John Andreas Olsen’s A History of Air Warfare is the companion volume to his Global Air Power, and is by far the stronger of the two volumes. The collection includes chapters on air warfare in World War I, the European and Pacific theaters of World War II, Korea, Vietnam, the Arab-Israeli wars, the Falklands, Desert Storm, Bosnia and Kosovo, Iraq and Afghanistan, and Lebanon, as well as a conclusion of three “Perspectives” chapters. Most of these chapters are quite good, and even the disagreeable ones are useful. As a volume, it represents a useful contribution that can be enjoyed by audiences with various levels of expertise.
Richard Overy and Richard Mueller turn in workmanlike accounts of the air wars in Europe and the Pacific in World War II; the pieces are well-written and don’t miss much, but won’t surprise specialists in the field. The Stephens and Thompson chapters on Korea and Vietnam strike similar notes. Lawrence Freedman’s chapter on the Falklands War strikes the appropriate balance between the air contributions of the RAF and the Royal Navy, while also discussing the problems and opportunities faced by Argentine air power.
Perhaps most importantly, the essays include a variety of different, often antagonistic perspectives on the history and future of airpower. Martin Van Creveld, for example, contributes “The Rise and Fall of Air Power,” which is notably negative with respect to the impact that airpower has had on twentieth century warfare. Richard Hallion’s “Air and Space Power: Climbing and Accelerating,” has an unsurprisingly different take on the relation between airpower and the future of warfare. Williamson Murray’s chapter on air employment in Operation Iraqi Freedom is altogether hostile to the Air Force as an institution and airpower as an intellectual construct, while John Andreas Olsen’s appraisal of airpower in the Gulf War is optimistic to the point of being apologetic. These differences of opinion on some of the foundational disputes over the history of airpower are a strength; they give a strong sense of intellectual vibrancy, rather than of cheerleading.
Moreover, many of the essays leave the reader something to engage with. Itai Brun’s detailed discussion of Operation Cast Lead leaves much to be desired, completely missing the point of how tactical operations targeting dual-use national infrastructure have, in effect, become strategic bombing. Brun details the strategic effects that the IDF Air Force sought to accomplish, but seems to think that because it tried to achieve those aims through the use of tactical assets, and in combination with a ground offensive, that no strategic campaign occurred. As Brun himself notes, this would be very surprising to the people who lived near the vast array of infrastructure, political, and communications targets that the IDF struck in Lebanon. Brun also lays the blame for the war squarely on Israeli civilian policymakers, which is, in fairness, about half right. On a related subject, Shmuel Gordon’s essay on the history of IDF air superiority operations against Syria and Egypt is genuinely outstanding.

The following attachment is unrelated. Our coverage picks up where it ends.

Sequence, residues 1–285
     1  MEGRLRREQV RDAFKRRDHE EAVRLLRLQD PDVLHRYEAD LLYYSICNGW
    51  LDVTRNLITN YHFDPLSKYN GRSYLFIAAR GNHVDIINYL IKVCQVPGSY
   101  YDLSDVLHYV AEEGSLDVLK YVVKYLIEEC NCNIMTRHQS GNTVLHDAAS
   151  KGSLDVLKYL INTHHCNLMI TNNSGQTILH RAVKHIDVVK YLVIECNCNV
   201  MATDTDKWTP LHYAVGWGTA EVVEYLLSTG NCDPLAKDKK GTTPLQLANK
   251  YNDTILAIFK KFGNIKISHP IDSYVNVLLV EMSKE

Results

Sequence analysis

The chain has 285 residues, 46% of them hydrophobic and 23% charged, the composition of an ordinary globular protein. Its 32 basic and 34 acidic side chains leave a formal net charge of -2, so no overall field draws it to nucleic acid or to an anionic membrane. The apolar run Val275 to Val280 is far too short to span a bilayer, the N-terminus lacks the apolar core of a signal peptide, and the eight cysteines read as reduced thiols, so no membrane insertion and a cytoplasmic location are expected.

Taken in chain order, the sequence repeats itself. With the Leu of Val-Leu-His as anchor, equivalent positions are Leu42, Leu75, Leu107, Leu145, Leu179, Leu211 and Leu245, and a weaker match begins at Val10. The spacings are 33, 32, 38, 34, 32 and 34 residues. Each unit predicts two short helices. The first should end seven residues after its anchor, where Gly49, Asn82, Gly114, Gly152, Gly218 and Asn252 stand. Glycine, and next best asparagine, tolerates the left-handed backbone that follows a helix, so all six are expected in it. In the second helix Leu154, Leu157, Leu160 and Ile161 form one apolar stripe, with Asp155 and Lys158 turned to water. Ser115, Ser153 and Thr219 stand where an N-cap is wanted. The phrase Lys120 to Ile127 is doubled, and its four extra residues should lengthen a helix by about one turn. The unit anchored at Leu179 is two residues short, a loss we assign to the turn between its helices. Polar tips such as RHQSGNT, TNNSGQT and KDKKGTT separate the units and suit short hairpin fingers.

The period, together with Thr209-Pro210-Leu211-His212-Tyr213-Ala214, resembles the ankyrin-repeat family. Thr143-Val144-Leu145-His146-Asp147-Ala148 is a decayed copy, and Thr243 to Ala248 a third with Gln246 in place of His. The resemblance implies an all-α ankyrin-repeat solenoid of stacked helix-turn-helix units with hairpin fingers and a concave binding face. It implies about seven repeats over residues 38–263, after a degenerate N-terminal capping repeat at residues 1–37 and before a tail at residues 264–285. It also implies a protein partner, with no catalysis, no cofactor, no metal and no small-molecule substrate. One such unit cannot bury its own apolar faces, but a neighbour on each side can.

This is an exceptionally useful work, and I suspect that I will assign it again to my graduate Airpower course, although I doubt I’ll bother with the companion volume. For specialists it’s a convenient “go to” for a number of well-known, important conflicts. For less committed audiences, it provides interesting, readable accounts of most of the major air wars of the twentieth century, delivered with just enough grit to generate a degree of disagreement and debate. As one other review notes, the volume falls short primarily in terms of discussion of the intellectual history of air power, but this is a flaw that’s easily remediable with a bit of supplementary reading; I might recommend Philip Meilinger’s edited volume Paths of Heaven (free here) as a suitable companion, if you have the time.